ELIOT, Maine — A step back in time, a refuge from the area swell of gentrification, Paul and Helen Goransson’s 260 acres of land off Depot Road will remain pure. They will make sure of it.
The hay, the cows, the morning fog lifting off the grass will stay. And so will a Civil War-era barn they’ve committed themselves to preserving.
For passersby on the rural road, a refreshing change from the industry buildings on Route 236, it’s nearly impossible not to notice the 40-foot by 80-foot timber frame barn currently suspended in the air, subcontractors driving bulldozers and excavators around the property. The barn will be under rehabilitative construction through October.
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Paul and Helen have run Bondgarden Farm since 1985, specializing in hay production and beef. About a year and a half ago, they bought the neighboring 36-acre property of longtime resident Katharine “Kay” Thompson, who had resided on the Broadfields Highover Morgans horse training site since 1975, until she died. Tracing back to some of the earliest settlers in Eliot, Thompson’s residence is known as the 1740 Nathan Bartlett House. The barn being restored by the Goranssons sits to the right of Thompson’s former home.
“This was just in horrific shape,” Paul said of the barn. The couple hired well-known preservationist Arron Sturgis, of Preservation Timber Framing in Berwick. He estimated the barn was constructed between the 1870s and 1880s, based on the style of silo built in its center.
“It’s not really cost-effective to be doing this project, but we are pretty committed to historic preservation,” Paul said. The farm owner was particularly passionate about preserving the original 1800s carpentry, noting as he pointed to the structure, “This is a person’s lifetime.”
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If they had chosen to go the other route, Paul and Helen could have built a “magnificent modern steel barn” for a cost much less than the restoration.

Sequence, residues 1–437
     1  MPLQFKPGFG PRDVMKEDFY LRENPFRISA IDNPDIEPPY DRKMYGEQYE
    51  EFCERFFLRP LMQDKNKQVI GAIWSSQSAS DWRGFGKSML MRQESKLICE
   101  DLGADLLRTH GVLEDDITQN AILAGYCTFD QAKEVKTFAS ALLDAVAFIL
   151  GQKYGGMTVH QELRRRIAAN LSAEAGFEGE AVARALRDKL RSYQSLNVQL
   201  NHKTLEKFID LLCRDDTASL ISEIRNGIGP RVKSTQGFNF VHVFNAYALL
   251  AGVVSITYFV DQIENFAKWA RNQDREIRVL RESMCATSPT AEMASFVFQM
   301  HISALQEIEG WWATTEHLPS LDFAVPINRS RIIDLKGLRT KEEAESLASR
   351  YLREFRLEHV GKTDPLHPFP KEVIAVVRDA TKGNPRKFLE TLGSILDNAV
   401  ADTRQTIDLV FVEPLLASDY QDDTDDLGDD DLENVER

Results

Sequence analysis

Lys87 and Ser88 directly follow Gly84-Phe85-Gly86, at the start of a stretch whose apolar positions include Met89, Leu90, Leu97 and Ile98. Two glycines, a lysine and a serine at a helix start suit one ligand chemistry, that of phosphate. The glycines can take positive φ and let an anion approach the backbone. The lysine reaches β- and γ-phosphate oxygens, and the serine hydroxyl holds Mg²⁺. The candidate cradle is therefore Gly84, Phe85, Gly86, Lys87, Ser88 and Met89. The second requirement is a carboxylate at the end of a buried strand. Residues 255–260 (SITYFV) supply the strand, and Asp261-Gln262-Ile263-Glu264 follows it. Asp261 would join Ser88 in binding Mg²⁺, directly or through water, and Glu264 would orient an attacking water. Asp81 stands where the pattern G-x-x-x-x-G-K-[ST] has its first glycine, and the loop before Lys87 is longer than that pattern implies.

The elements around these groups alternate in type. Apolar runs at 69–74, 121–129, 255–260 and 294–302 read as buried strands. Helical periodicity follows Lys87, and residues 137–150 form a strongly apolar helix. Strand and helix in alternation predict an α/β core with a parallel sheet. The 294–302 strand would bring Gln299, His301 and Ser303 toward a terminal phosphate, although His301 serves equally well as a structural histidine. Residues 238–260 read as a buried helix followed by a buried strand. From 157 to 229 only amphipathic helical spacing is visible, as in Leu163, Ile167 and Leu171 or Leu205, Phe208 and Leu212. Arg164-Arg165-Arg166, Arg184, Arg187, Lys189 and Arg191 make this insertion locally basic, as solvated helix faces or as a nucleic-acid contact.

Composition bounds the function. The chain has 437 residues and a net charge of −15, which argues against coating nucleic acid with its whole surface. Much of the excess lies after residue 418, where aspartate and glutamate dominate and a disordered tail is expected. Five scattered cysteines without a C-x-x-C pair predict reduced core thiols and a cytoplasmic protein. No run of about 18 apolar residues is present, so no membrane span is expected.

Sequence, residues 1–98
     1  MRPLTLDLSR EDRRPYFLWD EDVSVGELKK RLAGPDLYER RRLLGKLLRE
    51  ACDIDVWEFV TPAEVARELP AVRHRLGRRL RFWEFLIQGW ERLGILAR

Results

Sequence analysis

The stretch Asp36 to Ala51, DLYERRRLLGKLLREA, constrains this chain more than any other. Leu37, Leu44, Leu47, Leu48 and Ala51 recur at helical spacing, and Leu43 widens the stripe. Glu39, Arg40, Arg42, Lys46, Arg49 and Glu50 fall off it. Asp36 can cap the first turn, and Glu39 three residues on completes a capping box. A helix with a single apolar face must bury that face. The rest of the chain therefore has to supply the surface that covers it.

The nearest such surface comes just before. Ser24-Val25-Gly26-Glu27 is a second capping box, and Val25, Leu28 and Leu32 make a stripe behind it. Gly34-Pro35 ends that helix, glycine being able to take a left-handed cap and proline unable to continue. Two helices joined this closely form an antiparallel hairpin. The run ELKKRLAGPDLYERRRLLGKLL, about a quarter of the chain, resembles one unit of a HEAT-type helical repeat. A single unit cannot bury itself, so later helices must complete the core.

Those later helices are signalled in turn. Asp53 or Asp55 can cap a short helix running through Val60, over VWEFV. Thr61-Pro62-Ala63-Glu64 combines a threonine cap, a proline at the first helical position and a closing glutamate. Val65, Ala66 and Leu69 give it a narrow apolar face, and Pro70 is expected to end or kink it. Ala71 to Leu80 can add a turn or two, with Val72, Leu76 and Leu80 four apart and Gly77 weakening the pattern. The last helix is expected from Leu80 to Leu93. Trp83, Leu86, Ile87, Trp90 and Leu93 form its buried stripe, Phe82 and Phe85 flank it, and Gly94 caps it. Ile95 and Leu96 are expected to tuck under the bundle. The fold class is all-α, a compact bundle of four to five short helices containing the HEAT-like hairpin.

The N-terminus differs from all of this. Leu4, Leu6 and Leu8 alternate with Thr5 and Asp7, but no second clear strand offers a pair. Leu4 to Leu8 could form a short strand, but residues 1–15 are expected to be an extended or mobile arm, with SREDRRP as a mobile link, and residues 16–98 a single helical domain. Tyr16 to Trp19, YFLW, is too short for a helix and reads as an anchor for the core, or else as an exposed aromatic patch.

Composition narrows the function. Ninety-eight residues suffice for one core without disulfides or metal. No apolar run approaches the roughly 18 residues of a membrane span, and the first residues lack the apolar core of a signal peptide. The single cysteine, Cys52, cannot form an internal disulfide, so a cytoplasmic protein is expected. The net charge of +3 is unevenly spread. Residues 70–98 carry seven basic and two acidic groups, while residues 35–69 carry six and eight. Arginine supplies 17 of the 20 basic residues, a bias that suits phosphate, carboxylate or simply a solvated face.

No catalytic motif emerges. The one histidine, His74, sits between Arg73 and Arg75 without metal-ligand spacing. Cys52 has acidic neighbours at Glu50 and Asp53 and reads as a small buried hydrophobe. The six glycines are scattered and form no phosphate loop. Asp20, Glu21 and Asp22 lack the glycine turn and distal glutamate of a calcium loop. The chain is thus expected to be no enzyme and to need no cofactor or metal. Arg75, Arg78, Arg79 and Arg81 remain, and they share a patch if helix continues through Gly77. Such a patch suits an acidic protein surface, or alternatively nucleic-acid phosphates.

Paul said he acquired Thompson’s 36 acres and its structures because “it’s a vanishing thing in Eliot.”
“The last thing I wanted to see was housing for the elderly out my kitchen window,” he said. Several developers had showed significant interest in the land. “I am very proud we decided not to tear it down. It would have broken my heart.”
The old barns that remain speckled throughout Maine’s farming communities remind of a different time, a snapshot into the state’s agricultural past.
The Goranssons’ barn is lifted approximately 10 feet in the air, and its floor has been blown out. Sturgis said one of the primary issues was water running underneath the old structure and completely rotting the undercarriage. Prior to the start of the restoration project, the Goranssons initially hired Sturgis for a “multi-thousand dollar analysis” of the work that needed to be done.
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Considering Bondgarden Farm produces around 15,000 bales of hay per year, Paul said the expected eventual use of the restored barn as a horse boarding business “dovetails” off the farm concept. He doesn’t want the barn to sit idle once completed.
“I just can’t see tearing it down,” he said. “This is a magnificent view. I think it’s a really important thing to have done in my life.”
Paul and Helen are invested in their land, and the town. A member of the Eliot Historical Society, Helen has written a novel called “Views From Rosemary Hill,” which chronicles the history of the region from before the 1600s to 2010 and focuses on the family of Ralph Bartlett, who grew up in Eliot in 1800s. The book includes a few ghost stories, too.
“People probably look at this and say, ‘This is insane,’” Helen said. “It’s one of those things you need to conserve, or we won’t have any of the old barns anymore.” She said historical buildings are disappearing in the York River area.
Sturgis’ company works all throughout New England mainly on old barns and church steeples. What was particularly special about the Goranssons’ barn was its slate roof, he said, and that was something they really wanted to save.
“Our job is to make it safe and structurally sound and usable,” Sturgis said. “We love working for farmers who are actually farming. A lot of these buildings we restore don’t always have a significant purpose. This one does.”
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Sturgis said during his more than 30 years in historic preservation, he’s lost more barns “than we could ever save.” “It’s alarming,” he said, pointing to state statistics of the dwindling numbers of historic structures.
However, over the last decade, Sturgis said they’ve seen microfarmers, specialty farmers, and young couples taking over older properties exhibiting more of a concern for retaining structural and historic integrity.
“The smaller farms that are peppering New Hampshire and Maine can use these buildings very effectively,” he said. “You can’t buy the tradition that you see in a barn like the Goransson barn.”
Sturgis said the quality and longevity of Paul and Helen’s barn, especially with its slate roof, is unparalleled.
Simply put, it’s saving a piece of history, Sturgis said. “That has inherent value and retains the quality of life that we all enjoy in this area. The landscape is not the same with a new building on it.”
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